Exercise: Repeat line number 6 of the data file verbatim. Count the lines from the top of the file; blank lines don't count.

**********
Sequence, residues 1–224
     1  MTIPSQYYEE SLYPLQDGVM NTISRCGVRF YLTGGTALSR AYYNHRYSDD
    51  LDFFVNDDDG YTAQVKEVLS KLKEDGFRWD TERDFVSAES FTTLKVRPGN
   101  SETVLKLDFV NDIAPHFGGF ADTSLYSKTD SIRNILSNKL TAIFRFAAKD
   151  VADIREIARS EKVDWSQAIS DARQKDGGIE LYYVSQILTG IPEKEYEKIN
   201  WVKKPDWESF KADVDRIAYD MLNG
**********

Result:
   201  WVKKPDWESF KADVDRIAYD MLNG